Defendants contend that the three-year agreement between the board and Federation gave the defendant employees a seniority right to continued employment, that the termination of their employment was arbitrable, and that the board did not follow article XIII(4) of the collective-bargaining agreement, which provides:

"Reduction in force shall be effected by normal attribution where feasible. Relative competence, efficiency or abilities to do the work shall always be factors to be applied by the Colleges when reductions in force are necessary. However, a competent, able and efficient employee in a particular classification affected by curtailment of operations, abolition of a job or reduction in force shall be accommodated in the following order of priority to the extent possible under Career Service procedure:

a. Placed at the same college or work location in an open position for which the employee is qualified;

b. Replace employee with the shortest seniority in the same classification at the same college or work location;

c. Replace employee with the shortest seniority in the same classification elsewhere in the City Colleges of Chicago;

d. Replace employee with the shortest seniority in a classification previously held by the affected employee in the order prescribed by subparagraph b and c above."

Defendants' contention, however, is contrary to the well-established rule in Illinois that a school board has discretionary power regarding the employment of non-tenured personnel.

In Illinois Education Association Local Community High School District 218 v. Board of Education (1975), 62 Ill. 2d 127, 340 N.E.2d 7, the plaintiff association and the defendant board entered into a collective-bargaining agreement which set forth the procedures for teacher evaluations. The board terminated the employment of a full-time probationary teacher who was completing his second consecutive school term without following the procedures set forth in the agreement. The supreme court noted that the School Code authorized the board to terminate the employment of teachers by dismissal or the non-renewal of probationary teachers' contracts and that these were discretionary powers and could not be delegated. 62 Ill. 2d 127, 130, 340 N.E.2d 7.

The board in the instant case exercised its statutory power pursuant to section 3 -- 42 of the Public Community College Act to establish policy for the dismissal of employees by providing in Board Rule 2 -- 21(b)(6) that non-tenured employees can be dismissed at any time. When the legislature gives a community college board of trustees discretionary powers, such as whether to rehire or dismiss a nontenured teacher, the power may not be delegated. Thus, the courts will refuse to compel arbitration when the arbitrator would be required to perform one of the board's discretionary duties. Fleischer v. Board of Community College District No. 519 (1984), 128 Ill. App. 3d 757, 761, 471 N.E.2d 213.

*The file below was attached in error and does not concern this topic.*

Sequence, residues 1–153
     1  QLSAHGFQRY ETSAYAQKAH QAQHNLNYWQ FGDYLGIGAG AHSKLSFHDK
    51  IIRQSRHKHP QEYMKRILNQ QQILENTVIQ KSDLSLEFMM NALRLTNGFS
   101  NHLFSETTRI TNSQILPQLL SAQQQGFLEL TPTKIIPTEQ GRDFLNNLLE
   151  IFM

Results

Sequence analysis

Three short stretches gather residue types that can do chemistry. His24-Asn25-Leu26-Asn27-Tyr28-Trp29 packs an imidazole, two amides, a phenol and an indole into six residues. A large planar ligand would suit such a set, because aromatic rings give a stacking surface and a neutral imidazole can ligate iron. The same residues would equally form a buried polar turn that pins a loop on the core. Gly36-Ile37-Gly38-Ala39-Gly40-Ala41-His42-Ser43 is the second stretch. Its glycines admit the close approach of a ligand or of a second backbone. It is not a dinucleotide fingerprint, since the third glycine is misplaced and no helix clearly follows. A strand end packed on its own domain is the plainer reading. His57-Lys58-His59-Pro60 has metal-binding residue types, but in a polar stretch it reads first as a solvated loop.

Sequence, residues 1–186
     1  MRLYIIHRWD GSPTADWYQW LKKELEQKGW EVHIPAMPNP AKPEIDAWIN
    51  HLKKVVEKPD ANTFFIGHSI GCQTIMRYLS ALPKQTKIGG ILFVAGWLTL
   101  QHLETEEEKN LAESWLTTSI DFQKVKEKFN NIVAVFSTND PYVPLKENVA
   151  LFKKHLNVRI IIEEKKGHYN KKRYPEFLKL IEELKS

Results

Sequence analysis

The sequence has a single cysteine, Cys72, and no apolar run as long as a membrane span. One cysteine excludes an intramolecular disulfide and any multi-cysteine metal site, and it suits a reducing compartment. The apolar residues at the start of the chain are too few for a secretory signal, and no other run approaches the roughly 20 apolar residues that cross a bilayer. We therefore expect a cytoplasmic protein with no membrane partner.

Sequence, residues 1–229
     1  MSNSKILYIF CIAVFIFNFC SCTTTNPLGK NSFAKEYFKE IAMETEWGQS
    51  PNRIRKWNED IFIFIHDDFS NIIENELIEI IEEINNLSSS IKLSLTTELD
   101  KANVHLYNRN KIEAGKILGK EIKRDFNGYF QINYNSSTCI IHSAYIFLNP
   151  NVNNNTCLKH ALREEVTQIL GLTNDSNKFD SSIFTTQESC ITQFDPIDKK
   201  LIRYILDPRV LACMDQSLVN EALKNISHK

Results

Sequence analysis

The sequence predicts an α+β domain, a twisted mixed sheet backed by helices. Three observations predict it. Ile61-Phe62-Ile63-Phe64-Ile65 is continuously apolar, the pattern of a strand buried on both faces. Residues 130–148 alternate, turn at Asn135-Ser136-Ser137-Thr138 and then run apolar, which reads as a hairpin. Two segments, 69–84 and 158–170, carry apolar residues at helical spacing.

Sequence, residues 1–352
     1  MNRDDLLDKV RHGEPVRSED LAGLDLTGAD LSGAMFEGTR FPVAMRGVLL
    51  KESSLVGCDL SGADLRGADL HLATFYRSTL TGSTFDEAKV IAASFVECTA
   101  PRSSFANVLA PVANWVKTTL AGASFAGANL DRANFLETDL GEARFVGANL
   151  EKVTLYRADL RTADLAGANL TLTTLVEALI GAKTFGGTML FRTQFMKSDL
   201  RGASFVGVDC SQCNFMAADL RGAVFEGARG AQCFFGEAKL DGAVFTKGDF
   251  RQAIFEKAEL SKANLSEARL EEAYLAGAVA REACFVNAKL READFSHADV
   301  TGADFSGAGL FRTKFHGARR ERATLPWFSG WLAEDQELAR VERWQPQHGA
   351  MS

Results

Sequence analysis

The issue of the nondelegability of the board's power regarding the dismissal of non-tenured teachers in the city colleges of Chicago was presented in Board of Trustees v. Cook County College Teachers Union, Local 1600 (1976), 62 Ill. 2d 470, 343 N.E.2d 473. In that case, school officials recommended that the board terminate eight nontenured teachers. The defendant union and the board had entered into a collective-bargaining agreement which sets forth a procedure whereby eligible faculty members were to evaluate non-tenured teachers according to published criteria and were to make a recommendation regarding future employment.

The union filed grievances on behalf of several teachers who were dismissed by the board. The union contended that the board had not followed the collective-bargaining procedures in the agreement. The grievances were denied, arbitration was requested by the union, and the case was docketed by the American Arbitration Association and set for hearing. Prior to the hearing the board filed a petition for declaratory relief in the circuit court of Cook County. The court ruled that if the arbitrator found noncompliance with the collective-bargaining agreement he could order the board to comply with the evaluation procedure but that the arbitrator could not grant employment contracts as a remedy. The union appealed and the appellate court affirmed.

On appeal, the supreme court held that the arbitrator could not award employment contracts to the dismissed teachers and could not require the board to comply with contract procedures specified in the agreement prior to dismissal of the non-tenured employees. The court ruled that its decision in Illinois Education Association Local Community High School District 218 v. Board of Education (1975), 62 Ill. 2d 127, 340 N.E.2d 7, was controlling and stated:

"The Board [in Illinois Education Association ], without complying with the evaluation procedure, decided not to renew a teacher's employment contract. Actions of that Board were governed by the School Code, which imposed upon the Board the duty to appoint teachers (Ill. Rev. Stat. 1973, ch. 122, par. 10-20.7), and empowered it to terminate the employment of teachers by dismissal or the nonrenewal of probationary teachers' contracts [citation]. We held that these powers were discretionary and could not be delegated, and that a termination in compliance with the statute was valid notwithstanding a failure to comply with the evaluation provisions of the collective bargaining agreement.

In our judgment, the holding in Illinois Education Association controls the result in this case. We adhere to our position there stated that the Board's duties in appointing teachers are non-delegable, and it follows therefrom that the arbitrator is without authority to award an employment contract as a remedy for the violation of a collective bargaining agreement." Board of Trustees v. Cook County College Teachers Union, Local 1600 (1976), 62 Ill. 2d 470, 476, 343 N.E.2d 473. (Emphasis added.)

The court further stated that under the School Code neither the duty to appoint teachers nor the power to dismiss them was delegable. 62 Ill. 2d 470, 479, 343 N.E.2d 473.